The inter-war period is a period overshadowed by the First World War and characterized by changes and reclassifications that had a fertile outcome in the field of culture. There were new manners, new artistic creations, and an altogether new vision of man himself emerged.
In Greece the Asia Minor Catastrophe was the culminating event that dramatically transformed the geographic, demographic and ideological map. The tragedy of thousands of people turned into refugees redefined not only their living conditions but the way in which they and those who received them perceived reality.
Urban centres became the concentrated meeting points of many population classes from different backgrounds. Cultural expression became characterized by hints of all these voices that basically constituted the bourgeois world.
The immediate needs of the people and the requirement for a new town-planning concept made the bourgeois landscape the subject of special interest.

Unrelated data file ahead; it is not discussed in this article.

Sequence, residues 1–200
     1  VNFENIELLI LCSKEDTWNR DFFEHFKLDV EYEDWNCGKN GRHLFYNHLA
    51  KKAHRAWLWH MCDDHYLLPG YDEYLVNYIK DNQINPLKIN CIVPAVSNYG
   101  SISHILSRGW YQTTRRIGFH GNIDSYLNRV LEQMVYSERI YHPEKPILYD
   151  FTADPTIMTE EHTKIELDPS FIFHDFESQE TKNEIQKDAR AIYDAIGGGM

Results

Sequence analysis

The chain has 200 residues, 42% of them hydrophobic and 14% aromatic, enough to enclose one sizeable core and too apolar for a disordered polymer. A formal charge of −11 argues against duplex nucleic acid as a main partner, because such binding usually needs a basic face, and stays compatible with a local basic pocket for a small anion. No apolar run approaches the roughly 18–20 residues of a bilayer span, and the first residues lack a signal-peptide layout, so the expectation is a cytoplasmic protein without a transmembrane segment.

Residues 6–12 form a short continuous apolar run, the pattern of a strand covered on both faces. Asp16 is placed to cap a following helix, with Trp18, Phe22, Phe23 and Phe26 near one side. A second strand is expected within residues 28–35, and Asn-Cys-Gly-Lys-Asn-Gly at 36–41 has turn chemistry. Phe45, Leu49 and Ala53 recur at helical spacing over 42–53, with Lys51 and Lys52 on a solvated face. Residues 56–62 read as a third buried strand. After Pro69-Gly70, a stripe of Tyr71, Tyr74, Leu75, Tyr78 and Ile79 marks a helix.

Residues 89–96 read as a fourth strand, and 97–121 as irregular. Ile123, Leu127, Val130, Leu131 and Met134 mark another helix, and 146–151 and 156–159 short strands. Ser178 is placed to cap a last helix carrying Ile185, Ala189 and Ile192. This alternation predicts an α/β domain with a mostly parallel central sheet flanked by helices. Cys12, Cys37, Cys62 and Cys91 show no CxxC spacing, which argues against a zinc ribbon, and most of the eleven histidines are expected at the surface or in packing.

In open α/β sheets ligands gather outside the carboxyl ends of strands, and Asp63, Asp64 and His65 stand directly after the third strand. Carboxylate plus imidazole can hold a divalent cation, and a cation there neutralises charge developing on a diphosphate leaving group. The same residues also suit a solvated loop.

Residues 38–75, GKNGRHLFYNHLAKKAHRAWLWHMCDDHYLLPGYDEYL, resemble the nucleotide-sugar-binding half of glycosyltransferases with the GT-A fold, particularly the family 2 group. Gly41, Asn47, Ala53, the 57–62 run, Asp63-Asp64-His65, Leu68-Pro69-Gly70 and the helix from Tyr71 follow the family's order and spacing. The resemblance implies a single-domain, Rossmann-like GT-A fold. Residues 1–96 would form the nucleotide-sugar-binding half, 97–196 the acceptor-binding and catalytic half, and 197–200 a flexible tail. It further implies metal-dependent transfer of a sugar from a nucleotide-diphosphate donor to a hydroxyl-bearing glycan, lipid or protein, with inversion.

The city became a network of communication through which the messages of modernity spread to the whole of Greek society.
New artistic trends thriving in Europe had a significant impact on Greece and redirected the pursuits of artists and writers, while the language of criticism was called on to reconcile the new idioms that were being formed.
The intractable problems of education were exacerbated even more by the swift increase of pupils and the high rate of illiteracy. The state tried to provide some solutions by implementing educational reforms.
After the trauma of Asia Minor, Greek society began to detect the ways in which its identity was defined. An ongoing quest for the definition of 'Greekness' in artistic creation, theoretic language and folklore study became evident.